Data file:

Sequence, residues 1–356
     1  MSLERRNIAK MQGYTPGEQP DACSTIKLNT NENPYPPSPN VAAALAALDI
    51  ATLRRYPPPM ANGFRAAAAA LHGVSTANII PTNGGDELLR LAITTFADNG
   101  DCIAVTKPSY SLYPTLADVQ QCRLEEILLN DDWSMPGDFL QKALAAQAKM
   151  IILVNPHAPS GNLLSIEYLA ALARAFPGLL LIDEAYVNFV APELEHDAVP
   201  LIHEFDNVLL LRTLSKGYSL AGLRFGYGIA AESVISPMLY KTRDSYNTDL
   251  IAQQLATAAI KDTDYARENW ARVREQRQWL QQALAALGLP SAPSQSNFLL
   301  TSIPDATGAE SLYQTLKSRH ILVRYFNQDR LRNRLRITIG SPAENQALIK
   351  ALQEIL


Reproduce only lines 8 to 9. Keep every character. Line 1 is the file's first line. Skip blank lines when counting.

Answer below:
   301  TSIPDATGAE SLYQTLKSRH ILVRYFNQDR LRNRLRITIG SPAENQALIK
   351  ALQEIL